Sorry for the delay, there's just been alot going on, including my trip with the Wisconsin Badger Fishing Team to fish Lake St Clair in the Big Ten Championship. My partner and I had the fourth place weight overall, bringing in the only limit of the tournament, and the Wisconsin team finished fourth overall.
As for local conditions, things are really starting to pick up. Water temps are in the high fifties to low 60's on most lakes, and the fish are getting very active.
Start looking for musky in 12-18 feet of water. Points with weeds at the end of them at this depth can really concentrate fish. Casting bucktails, gliders, sliders or jerkbaits can be really effective, but don't forget to keep a the sucker on a quick strike rig.
Some advice: The weeds to grew deeper this year than is typical for our area. Likewise, a fair number of fish are being caught in deeper water than is typical for this time of year. Trolling has been producing, especially in areas with baitfish in 18-25 feet of water. Good use of your electronics is essential right now. Look for the bite to move shallower and into the available green weeds, but don't over look rock bars adjacent to mid depth weeds, especially on warmer sunny afternoons, as fish will move up to warm up and digest food.
As for bass fishing, Largemouth and Smallmouth can still be caught tight to shallow cover or weedlines, especially in areas with rocky, sand or gravel bottoms. Now is the time to chase down a trophy sized fish with live bait. Slip-sinker or split shot rigs with walleye suckers or large shiners drifted or trolled very slowly around the deep edges of structure can surprise you. If you find fish, you'll very likely be over a good school of them. fish that area hard, and pay attention to your electronics. Subtle bottom changes will concentrate fish.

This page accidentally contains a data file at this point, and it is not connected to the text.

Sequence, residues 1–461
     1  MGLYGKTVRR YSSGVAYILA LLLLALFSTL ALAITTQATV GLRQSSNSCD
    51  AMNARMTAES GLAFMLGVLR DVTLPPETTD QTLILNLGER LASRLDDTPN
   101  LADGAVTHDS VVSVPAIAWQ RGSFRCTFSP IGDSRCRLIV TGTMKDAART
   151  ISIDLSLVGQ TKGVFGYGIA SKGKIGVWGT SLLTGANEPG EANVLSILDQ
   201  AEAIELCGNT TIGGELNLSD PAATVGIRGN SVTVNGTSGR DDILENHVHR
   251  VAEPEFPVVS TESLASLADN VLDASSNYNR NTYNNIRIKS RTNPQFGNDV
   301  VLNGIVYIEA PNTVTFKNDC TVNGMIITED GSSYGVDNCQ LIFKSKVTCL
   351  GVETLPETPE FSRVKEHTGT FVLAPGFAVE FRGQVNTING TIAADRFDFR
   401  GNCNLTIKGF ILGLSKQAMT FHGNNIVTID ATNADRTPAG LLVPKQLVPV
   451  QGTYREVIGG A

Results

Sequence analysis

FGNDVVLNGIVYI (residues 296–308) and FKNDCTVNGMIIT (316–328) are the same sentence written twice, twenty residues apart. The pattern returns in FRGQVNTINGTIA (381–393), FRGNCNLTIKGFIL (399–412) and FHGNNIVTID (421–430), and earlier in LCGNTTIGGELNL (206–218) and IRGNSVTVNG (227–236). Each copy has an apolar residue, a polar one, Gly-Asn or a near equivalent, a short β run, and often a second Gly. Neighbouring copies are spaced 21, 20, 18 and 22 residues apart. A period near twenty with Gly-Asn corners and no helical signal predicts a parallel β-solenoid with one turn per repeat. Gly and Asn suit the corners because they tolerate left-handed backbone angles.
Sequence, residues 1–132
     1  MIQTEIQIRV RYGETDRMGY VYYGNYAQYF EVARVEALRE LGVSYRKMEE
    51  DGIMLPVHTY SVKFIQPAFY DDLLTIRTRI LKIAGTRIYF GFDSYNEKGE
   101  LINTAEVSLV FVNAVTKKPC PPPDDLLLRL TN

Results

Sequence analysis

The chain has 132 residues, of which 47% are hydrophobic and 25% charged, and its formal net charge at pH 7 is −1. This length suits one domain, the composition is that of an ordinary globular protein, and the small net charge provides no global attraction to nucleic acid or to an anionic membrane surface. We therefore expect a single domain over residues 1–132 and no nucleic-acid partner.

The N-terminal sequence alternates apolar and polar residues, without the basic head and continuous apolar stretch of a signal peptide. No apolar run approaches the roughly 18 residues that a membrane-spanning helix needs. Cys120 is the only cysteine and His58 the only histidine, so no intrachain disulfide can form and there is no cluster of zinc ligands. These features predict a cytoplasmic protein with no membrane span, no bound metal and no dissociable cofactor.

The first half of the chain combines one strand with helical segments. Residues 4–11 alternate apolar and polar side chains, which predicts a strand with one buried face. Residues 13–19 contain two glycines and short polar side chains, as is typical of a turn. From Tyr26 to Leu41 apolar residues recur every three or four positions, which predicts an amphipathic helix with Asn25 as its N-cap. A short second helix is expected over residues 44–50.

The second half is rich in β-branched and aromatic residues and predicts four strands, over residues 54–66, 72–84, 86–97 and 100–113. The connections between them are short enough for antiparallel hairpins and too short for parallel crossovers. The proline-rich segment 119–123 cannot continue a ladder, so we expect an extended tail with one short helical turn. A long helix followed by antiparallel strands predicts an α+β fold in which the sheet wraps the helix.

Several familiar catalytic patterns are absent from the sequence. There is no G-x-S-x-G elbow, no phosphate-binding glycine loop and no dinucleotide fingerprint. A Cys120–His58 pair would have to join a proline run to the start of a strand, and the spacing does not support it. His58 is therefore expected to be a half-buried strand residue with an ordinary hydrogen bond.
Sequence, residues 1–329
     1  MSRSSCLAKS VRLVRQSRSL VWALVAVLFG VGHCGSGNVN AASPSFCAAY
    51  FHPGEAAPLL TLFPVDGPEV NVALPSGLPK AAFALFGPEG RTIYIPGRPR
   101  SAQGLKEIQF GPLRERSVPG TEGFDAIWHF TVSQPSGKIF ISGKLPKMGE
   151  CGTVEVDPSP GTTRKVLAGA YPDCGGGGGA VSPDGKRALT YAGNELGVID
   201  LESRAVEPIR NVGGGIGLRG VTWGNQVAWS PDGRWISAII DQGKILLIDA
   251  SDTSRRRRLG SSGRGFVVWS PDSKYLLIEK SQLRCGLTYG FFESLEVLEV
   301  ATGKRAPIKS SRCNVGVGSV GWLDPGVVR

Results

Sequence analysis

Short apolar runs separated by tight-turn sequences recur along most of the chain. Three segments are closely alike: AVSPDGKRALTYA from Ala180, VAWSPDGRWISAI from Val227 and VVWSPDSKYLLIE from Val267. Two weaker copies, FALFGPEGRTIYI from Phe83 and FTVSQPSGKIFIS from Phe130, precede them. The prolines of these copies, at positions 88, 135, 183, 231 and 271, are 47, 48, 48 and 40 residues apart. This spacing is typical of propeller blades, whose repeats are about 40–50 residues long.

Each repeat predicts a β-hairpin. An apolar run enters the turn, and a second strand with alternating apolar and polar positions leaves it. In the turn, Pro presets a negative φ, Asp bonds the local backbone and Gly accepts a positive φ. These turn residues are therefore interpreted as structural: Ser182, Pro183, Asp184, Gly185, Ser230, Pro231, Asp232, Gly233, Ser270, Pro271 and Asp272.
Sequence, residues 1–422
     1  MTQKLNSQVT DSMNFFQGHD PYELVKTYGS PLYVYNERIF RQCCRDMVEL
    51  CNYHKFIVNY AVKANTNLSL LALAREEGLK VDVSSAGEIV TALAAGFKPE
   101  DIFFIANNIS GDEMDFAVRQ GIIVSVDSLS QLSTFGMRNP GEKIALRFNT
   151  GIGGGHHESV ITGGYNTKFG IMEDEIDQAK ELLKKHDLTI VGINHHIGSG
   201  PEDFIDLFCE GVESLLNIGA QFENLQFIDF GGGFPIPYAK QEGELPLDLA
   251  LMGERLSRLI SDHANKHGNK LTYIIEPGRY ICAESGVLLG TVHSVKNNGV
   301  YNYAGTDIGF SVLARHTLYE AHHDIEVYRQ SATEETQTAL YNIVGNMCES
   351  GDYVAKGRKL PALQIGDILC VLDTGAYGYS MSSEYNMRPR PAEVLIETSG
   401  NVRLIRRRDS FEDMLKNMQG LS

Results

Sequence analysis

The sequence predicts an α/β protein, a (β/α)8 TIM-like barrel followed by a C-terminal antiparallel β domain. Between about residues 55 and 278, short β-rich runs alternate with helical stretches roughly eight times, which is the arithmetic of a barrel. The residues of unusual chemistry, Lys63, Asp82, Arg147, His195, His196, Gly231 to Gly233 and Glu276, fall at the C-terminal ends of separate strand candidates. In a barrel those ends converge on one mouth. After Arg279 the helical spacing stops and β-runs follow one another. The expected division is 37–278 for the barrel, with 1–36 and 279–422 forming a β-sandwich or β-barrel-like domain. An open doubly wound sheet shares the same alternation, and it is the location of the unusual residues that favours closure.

Walleye fishing has been slow, but is starting to pick up in the Dells and along the Jefferson Dam to Blackhawk Island stretch of the Rock River. Water has been falling throughout the river systems from the highs we saw a few weeks ago, so make sure to watch your prop, and look for fish in the current, in the shallow water near deeper holes. On warmer days, the fish will likely be actively feeding, rather than holding in the deep water. Jig and Minnow, Lindy rigs or jig and twister are good producers.
No word on fall whitebass as of yet, but expect to hear something in my next report.
Wednesday, October 6, 2010
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